Washington July 28. 07.
Your several letters from the 10th. to the 23d. inclusive have been duly recieved, and have served to regulate our belief of the state of things in Lynhaven amidst the variety of uncertain reports which were afloat. in mine of the 6th. I mentioned that it would be necessary for me to ask the continuance of this service from you only until I could ascertain the course the squadron of Commodore Douglass meant to pursue. we are now tolerably satisfied as to that course. from every thing we have seen we conclude that it is not their intention to go into a state of general war, or to commit further hostilities than remaining in our waters in defiance and bringing to vessels within them, until they get their orders from England. we have therefore determined to keep up only a troop of cavalry for patrolling the coast opposite them & preventing their getting supplies, and the naval & artillery force now in Norfolk for it’s defence. in this state of things and in consideration of the unhealthy season now approaching at this as other places on the tide-waters, and which we have always retired from about this time, the members of the administration as well as myself shall leave this place in three or four days, not to return till the sickly term is over, unless something extraordinary should reassemble us. it is therefore unnecessary for me to ask any longer the continuance of your labors. you will be so good as to make the proper disposition of whatever articles you may have found it necessary to procure on public account, to make up the accounts for your services according to the principles stated in my letter of the 6th. and to send them either to myself for the navy department, or to the head of that department directly. they would find me at Monticello. with my thanks for the diligence with which you have executed this trust, accept my salutations & assurances of esteem & respect.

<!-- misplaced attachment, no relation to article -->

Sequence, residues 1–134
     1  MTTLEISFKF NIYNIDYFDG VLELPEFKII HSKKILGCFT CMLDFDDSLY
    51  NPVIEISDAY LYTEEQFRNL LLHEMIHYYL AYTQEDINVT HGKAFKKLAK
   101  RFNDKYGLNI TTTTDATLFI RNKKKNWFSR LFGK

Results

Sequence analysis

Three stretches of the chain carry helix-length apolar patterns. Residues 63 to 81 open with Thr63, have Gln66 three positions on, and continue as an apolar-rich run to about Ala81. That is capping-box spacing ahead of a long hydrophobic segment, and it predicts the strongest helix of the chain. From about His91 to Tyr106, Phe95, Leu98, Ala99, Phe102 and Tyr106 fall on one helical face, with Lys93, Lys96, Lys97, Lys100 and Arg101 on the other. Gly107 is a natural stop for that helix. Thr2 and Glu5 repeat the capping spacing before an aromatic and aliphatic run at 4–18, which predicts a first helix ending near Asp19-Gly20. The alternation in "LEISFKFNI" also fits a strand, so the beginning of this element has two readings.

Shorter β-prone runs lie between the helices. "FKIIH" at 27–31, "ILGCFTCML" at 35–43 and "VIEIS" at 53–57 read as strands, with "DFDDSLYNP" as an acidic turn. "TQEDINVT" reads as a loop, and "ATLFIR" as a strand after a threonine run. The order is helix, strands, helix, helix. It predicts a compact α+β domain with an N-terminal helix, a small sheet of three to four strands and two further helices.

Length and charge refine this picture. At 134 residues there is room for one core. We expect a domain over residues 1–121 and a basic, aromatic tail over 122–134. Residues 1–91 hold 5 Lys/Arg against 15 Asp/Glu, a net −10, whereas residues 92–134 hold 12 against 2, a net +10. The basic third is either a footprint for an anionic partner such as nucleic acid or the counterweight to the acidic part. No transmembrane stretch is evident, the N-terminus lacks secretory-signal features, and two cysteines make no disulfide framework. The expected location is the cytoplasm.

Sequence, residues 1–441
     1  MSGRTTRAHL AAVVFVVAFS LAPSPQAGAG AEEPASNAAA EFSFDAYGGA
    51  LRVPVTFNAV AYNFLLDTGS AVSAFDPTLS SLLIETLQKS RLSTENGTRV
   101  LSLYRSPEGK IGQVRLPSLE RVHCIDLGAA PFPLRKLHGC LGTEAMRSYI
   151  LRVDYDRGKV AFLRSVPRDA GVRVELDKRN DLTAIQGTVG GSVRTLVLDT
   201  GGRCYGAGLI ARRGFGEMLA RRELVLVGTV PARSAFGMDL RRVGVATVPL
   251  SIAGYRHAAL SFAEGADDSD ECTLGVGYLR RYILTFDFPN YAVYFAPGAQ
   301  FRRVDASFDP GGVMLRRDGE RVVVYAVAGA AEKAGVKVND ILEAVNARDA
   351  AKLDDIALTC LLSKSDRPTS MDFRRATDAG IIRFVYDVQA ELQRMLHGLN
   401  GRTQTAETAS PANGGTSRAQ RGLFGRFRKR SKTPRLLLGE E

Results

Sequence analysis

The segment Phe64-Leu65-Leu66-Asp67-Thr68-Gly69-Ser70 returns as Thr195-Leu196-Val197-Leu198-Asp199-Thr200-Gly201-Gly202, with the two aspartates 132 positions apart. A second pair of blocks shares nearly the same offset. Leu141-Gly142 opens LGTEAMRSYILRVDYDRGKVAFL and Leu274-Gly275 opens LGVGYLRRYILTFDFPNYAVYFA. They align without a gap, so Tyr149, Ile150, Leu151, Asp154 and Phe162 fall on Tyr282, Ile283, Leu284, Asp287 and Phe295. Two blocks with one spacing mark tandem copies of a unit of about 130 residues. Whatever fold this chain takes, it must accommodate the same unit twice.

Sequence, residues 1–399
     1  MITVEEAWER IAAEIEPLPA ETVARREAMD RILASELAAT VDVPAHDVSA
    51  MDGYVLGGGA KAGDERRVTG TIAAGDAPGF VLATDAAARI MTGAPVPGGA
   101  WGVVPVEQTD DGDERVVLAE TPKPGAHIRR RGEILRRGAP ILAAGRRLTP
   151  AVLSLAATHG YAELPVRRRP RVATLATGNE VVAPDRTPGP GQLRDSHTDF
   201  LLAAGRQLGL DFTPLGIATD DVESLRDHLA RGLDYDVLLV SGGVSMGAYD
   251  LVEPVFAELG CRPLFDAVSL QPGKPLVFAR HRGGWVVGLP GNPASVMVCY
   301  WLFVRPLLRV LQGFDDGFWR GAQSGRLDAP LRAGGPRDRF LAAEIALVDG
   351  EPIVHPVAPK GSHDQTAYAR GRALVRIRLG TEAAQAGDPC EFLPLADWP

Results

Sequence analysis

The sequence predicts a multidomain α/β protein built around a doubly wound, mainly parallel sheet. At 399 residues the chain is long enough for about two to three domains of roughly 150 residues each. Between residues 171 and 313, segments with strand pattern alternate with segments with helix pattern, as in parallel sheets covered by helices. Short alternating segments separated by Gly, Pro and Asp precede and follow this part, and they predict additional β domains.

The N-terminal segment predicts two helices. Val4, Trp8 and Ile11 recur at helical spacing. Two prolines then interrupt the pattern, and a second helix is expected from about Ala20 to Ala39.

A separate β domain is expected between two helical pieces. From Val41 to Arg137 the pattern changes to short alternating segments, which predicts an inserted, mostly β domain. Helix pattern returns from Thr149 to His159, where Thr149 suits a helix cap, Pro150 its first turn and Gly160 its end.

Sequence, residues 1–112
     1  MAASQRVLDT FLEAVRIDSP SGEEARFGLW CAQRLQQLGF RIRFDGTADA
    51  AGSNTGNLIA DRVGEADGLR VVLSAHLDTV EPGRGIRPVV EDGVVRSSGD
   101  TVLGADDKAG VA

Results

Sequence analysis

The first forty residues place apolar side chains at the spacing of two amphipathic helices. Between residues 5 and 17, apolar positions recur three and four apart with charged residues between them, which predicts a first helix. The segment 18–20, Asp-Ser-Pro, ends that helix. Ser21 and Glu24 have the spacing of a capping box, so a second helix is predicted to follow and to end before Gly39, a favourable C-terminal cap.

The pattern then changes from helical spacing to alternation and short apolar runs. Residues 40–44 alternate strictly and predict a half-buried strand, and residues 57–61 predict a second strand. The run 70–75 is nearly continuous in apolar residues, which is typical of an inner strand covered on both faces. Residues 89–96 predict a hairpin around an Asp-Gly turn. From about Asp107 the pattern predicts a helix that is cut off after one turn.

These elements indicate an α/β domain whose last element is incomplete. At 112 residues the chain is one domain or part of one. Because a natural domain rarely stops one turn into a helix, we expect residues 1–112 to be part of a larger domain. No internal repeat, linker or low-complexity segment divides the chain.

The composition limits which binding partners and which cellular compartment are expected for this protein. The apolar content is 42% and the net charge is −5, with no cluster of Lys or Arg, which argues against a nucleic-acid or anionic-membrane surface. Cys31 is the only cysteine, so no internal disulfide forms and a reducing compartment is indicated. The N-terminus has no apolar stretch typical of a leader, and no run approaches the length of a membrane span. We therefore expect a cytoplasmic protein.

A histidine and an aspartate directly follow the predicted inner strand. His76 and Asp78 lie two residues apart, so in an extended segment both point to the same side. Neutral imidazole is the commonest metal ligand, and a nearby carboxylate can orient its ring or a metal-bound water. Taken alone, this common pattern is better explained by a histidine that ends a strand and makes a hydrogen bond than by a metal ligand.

DNA: RG 26—Light House Service.